Oral Presentation Palliative Care Nurses Australia Conference 2020

Strengthening the delivery of palliative care in the Australian hospital setting: A co-design study using patient and family identified areas of importance to design recommendations for practice, policy, education and research (70328)

Claudia Virdun 1 , Tim Luckett 1 , Patricia M Davidson 1 2 , Karl Lorenz 3 , Jane Phillips 1
  1. IMPACCT, Faculty of Health, University of Technology Sydney, Ultimo, NSW, Australia
  2. School of Nursing, Johns Hopkins University , Baltimore, United States
  3. VA Palo Alto-Stanford Palliative Care Program, School of Medicine, Stanford University, Stanford, United States


Comprehensive information is available about what is important for optimal hospital-based palliative care, from patient and family perspectives. However, enabling this in practice remains elusive.


To co-design recommendations informing practice, policy, education and research that strengthen the delivery of palliative care in the Australian hospital setting.


A co-design approach, incorporating a facilitated workshop followed by online feedback. Eligible participants included identified professional leaders in hospital palliative care (clinical or policy focused) and consumer representatives invited through the IMPACCT Consumer Advisory Group. An information pack was provided to participants containing a synthesis of research findings on what consumers have said is important for optimal hospital palliative care, along with 3 key questions. Notes were taken throughout the workshop, which was also audio-recorded. Thematic analysis of collected data informed a first draft of recommendations that was circulated for online feedback and consensus. Ethical approval was obtained (2019/ETH03307).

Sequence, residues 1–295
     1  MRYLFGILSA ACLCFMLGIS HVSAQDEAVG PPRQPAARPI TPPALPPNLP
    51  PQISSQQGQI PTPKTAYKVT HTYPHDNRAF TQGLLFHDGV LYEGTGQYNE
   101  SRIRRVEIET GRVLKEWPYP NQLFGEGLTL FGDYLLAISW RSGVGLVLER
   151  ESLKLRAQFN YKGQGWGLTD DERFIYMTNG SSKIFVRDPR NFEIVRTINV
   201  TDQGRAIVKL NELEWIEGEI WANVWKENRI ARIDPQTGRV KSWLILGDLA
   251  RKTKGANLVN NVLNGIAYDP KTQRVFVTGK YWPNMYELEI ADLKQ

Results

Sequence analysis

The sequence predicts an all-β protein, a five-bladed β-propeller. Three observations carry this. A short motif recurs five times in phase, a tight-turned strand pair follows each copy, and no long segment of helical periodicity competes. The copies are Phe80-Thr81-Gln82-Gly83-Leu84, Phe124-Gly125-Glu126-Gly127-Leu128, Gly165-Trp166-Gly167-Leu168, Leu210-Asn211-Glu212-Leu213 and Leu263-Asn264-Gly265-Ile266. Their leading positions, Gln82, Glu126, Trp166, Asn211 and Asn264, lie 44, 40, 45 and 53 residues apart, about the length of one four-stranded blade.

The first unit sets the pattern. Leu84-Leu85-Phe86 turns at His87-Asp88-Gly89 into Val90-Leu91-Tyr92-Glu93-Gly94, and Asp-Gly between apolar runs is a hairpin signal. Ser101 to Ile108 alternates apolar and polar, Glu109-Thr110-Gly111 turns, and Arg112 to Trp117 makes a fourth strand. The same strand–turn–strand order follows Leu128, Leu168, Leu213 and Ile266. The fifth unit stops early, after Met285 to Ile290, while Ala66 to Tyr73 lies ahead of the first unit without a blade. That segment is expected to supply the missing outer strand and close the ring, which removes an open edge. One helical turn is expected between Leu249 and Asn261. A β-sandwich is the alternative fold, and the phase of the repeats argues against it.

Thirty participants attended including representatives from medicine (n=5), nursing (n=6), allied health (n=2), state and national policy roles (n=9), consumer (n=4) and research team (n=4) perspectives. Nine actions were identified as required to strengthen inpatient palliative care provision being: 1) evidence-informed practice and national benchmarking; 2) funding reforms; 3) securing executive level support; 4) mandatory clinical and ancillary education; 5) fostering greater community awareness; 6) policy reviews of care of the dying; 7) better integration of advance care planning; 8) strengthen nursing leadership; and 9) develop communities of practice for improving palliative care.


This study provides a detailed set of recommendations to enable improvements in palliative care within the Australian hospital setting. The fact these have been co-designed with patients with palliative care needs, their families, senior palliative care clinicians, policy experts and consumer representatives ensure these are centred around making changes to enhance end-user (patients and families) experience.


The need to enable improvements in hospital based palliative care is not disputed. This study provides a clear set of specific recommendations to inform practice, policy, education and research into the future. Envisaging interventions and developing prototypes of how each recommendation could be implemented and tested within clinical practice is an important next step.